All items so appropriated out of the net profits of a society do not form part of the working capital. Only the statutory reserve fund and other funds and reserves accumulated year after year through appropriation of yearly net profit of a society, are included in the working capital of the society. It is self evident that dividend, honorarium, bonus etc. appropriated out of net profit are not in the nature of any reserves of funds.

For all purposes including that of audit fee calculation, the definition given in Rule 2(k) of the Kerala Co-operative Societies Rule 1969 has to be followed.
K. Krishnan Nambiar
Registrar of Co-operative Societies

No.ADL (1) 15788/71.           
 Office of the Registrar of Co-operative Societies
                                              Thiruvananthapuram, 26th May 1971

CIRCULAR No. 14/71

INTRODUCTION OF DOUBLE ENTRY SYSTEM OF BOOK-KEEPING IN CO-OPERATIVE SOCIETIES/BANKS 

Double entry  is the most scientific system of Book-keeping, and it is the only system in which both the aspects-the receiving aspect and the giving aspect-of every business transaction can be simultaneously recorded in the books of accounts.  This is system is both simple and universal in its application.  Advantages of keeping books in Double Entry System are many.  It is for these reasons that this system is adopted in most of the  modern business houses in the Public as well as in the private sectors.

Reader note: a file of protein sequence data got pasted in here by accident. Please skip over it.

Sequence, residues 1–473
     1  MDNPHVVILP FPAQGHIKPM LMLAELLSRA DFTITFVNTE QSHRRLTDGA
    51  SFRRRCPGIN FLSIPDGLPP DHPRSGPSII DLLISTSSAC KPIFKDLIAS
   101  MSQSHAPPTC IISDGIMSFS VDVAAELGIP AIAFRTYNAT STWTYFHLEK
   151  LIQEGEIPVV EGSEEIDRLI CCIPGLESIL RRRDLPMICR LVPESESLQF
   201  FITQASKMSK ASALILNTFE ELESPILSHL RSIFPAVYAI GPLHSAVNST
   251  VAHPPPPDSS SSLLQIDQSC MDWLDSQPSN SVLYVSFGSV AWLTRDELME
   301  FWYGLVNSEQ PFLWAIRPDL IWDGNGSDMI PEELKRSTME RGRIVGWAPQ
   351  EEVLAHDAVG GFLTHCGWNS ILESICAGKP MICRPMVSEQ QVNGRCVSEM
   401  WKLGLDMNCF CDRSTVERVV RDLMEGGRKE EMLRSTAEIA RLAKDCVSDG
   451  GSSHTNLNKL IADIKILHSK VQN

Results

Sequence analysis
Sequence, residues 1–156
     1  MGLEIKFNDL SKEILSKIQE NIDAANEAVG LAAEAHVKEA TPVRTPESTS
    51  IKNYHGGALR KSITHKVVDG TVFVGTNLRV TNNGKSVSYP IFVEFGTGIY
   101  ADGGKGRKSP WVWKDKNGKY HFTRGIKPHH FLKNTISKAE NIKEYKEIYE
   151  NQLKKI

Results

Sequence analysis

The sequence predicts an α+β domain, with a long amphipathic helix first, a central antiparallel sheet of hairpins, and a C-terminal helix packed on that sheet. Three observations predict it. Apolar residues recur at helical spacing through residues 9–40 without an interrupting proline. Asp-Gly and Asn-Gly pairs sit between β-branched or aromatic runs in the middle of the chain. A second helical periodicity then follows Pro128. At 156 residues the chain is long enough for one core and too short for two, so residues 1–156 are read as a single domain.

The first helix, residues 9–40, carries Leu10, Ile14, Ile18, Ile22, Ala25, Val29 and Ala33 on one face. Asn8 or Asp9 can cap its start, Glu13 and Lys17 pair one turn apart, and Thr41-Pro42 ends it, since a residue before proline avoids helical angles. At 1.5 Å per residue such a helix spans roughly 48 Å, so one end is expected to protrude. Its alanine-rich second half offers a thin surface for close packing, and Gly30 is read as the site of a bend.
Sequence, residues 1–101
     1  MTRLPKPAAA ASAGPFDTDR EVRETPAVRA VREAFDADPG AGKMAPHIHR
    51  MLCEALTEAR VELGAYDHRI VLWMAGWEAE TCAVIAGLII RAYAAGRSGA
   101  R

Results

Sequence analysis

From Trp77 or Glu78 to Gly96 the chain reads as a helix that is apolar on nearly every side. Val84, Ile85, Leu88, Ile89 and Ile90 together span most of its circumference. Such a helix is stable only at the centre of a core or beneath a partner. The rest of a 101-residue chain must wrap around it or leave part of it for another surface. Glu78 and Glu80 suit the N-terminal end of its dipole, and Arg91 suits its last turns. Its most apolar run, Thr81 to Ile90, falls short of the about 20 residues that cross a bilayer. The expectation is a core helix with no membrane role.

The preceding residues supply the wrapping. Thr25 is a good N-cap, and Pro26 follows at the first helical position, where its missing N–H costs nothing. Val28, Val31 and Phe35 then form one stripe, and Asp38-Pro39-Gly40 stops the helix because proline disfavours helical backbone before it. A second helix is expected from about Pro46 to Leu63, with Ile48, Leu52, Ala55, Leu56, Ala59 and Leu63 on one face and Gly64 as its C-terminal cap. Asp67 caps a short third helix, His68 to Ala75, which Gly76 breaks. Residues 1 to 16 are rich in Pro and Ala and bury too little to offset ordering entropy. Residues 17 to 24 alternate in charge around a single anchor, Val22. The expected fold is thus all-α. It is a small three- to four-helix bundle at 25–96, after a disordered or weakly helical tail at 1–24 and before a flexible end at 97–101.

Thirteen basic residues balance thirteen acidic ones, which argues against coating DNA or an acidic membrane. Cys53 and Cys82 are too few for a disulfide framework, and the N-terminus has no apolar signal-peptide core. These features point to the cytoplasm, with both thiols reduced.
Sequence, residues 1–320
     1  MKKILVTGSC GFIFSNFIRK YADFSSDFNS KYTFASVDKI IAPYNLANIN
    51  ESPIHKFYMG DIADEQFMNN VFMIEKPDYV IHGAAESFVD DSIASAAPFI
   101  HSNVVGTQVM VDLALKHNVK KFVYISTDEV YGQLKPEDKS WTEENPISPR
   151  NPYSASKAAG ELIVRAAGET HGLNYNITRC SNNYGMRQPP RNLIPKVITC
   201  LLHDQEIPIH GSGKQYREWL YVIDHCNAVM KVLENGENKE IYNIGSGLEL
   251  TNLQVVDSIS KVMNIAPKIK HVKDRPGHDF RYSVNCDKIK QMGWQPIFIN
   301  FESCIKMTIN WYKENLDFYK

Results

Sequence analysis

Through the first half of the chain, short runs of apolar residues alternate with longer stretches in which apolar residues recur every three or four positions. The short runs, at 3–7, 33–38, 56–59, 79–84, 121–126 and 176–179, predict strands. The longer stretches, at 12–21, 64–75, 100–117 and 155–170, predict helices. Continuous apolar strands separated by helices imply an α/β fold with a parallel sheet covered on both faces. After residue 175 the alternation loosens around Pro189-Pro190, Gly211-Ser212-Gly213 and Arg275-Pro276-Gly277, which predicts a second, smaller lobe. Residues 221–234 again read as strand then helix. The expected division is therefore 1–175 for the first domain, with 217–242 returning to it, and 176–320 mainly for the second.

Co-operatives, with all its fundamental principles and ideologies, are essentially business or economic organisations.  The growing complexities of co-operative business side by side with the vast new ground that is being covered by the Co-operative movement requires skilled and scientific management for the efficient working of Co-operative Societies, so that they stand on a par with any modern business organisation.  Keeping accounts in a scientific manner is an important factor contributing to the efficiency of the organisation.  Despite the enormous progress the Co-operative movement has recorded all these years, it is still at the starting line so far as the system of accounting in co-operatives is concerned.  That some co-operatives are keeping their accounts in more or less Double Entry System, is, however, not overlooked.  This is a draw back on the movement, and this will stand in the way of its healthy growth.  So it is high time that co-operative societies adopt double entry system for keeping their books of accounts. But it is not easy to ask each and every society in this State to switch on to this system overnight.